If someone is injured on another person’s property due to a hazardous condition, the property owner (and many non-owner tenants) could be liable for the victim’s losses as a result of something called “premises liability” law.
However, the strength of someone’s claim will depend on several factors, and the legal status or classification of the visitor can have a big effect because that determines the kind of duty of care that a property owner owes them.
This is someone who enters another person’s property without permission. This could be someone taking a shortcut through a neighbor’s backyard, a burglar or even a transient. Property owners are generally only liable for their injuries when they act willfully or with gross negligence. For example, a business owner who is frustrated by a break-in at their shop generally can’t just set up some kind of “booby trap” designed to injure the next person who breaks in, but they wouldn’t be liable if the trespasser simply trips over a pile of debris in the dark and gets hurt.
This is someone who has consent to enter the property and is there for some purpose of their own. A licensee could be, for example, a salesperson trying to make door-to-door sales. Property holders generally only owe these visitors a duty to warn them of any dangerous conditions that the property holder already knows are there, like a broken step near the door.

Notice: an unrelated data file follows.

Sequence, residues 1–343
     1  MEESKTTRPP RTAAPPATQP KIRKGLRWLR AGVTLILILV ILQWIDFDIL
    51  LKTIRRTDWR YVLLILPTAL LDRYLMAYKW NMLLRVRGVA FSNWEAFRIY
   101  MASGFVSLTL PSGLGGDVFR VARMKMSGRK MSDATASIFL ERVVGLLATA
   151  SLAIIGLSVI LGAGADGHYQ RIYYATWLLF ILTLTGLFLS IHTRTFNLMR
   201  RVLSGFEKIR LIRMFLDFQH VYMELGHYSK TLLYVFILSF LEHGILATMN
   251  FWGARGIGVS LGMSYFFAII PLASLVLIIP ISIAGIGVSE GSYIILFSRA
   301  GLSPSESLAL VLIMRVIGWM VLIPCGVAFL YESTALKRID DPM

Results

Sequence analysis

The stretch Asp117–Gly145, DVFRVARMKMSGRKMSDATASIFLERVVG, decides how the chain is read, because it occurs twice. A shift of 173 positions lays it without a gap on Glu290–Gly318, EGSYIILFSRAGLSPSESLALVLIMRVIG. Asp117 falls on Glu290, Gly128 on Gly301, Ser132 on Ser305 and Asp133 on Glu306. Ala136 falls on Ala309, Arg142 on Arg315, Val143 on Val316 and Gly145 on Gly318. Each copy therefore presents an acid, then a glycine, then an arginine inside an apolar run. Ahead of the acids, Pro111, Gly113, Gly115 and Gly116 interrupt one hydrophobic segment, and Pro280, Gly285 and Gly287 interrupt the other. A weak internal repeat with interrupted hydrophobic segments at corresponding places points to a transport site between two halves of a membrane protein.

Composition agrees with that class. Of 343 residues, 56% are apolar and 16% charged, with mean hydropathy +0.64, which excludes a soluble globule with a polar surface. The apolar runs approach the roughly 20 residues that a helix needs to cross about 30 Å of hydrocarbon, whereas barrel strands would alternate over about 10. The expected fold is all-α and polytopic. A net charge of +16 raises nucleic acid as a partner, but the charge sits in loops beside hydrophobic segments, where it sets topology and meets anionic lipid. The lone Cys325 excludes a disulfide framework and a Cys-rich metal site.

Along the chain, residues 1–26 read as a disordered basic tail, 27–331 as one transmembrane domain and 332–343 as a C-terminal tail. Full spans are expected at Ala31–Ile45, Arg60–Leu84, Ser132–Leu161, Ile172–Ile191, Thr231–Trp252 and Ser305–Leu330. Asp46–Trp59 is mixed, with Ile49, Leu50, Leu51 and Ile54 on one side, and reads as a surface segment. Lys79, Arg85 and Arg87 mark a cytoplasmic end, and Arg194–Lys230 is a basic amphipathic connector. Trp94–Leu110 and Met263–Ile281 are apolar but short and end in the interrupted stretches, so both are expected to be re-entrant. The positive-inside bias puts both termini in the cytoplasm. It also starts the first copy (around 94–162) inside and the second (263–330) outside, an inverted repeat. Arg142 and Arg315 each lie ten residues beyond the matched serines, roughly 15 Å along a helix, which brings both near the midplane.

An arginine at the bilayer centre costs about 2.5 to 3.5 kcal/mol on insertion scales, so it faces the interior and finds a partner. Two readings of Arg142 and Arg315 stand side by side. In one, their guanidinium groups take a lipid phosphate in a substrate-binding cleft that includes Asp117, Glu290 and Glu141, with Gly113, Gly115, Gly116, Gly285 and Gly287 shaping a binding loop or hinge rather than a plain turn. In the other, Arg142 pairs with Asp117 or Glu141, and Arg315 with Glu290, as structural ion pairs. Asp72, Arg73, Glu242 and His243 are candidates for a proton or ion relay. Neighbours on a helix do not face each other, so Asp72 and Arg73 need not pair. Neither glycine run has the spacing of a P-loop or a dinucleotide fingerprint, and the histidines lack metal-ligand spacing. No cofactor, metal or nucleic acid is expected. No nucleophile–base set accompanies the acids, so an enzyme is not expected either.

These are people who are there not only with permission but also for the mutual benefit of both the property holder and themselves. Invitees might include patrons in a store or a delivery person. They are owed the highest duty of care, so the property holder can be held responsible for injuries caused by both known dangers and dangers that could have been known through a reasonable inspection. For example, a shopkeeper may not realize that soda pooled on the floor and created a slip-and-fall hazard, but they may still be liable for someone’s fall if the spill could have been discovered in time to clean it up before the fall happened.
There are special rules surrounding children under the age of 16. Property owners are responsible for a child’s injuries if they know that something on their property is likely to attract children and they don’t take reasonable steps to eliminate the danger. For example, a homeowner with a pool could be liable if they don’t lock their gate or take steps to keep the neighborhood kids out.
Property liability claims can be complex. If you believe that you may have a claim for injuries, it’s always best to explore the possibility by seeking thoughtful and experienced legal guidance.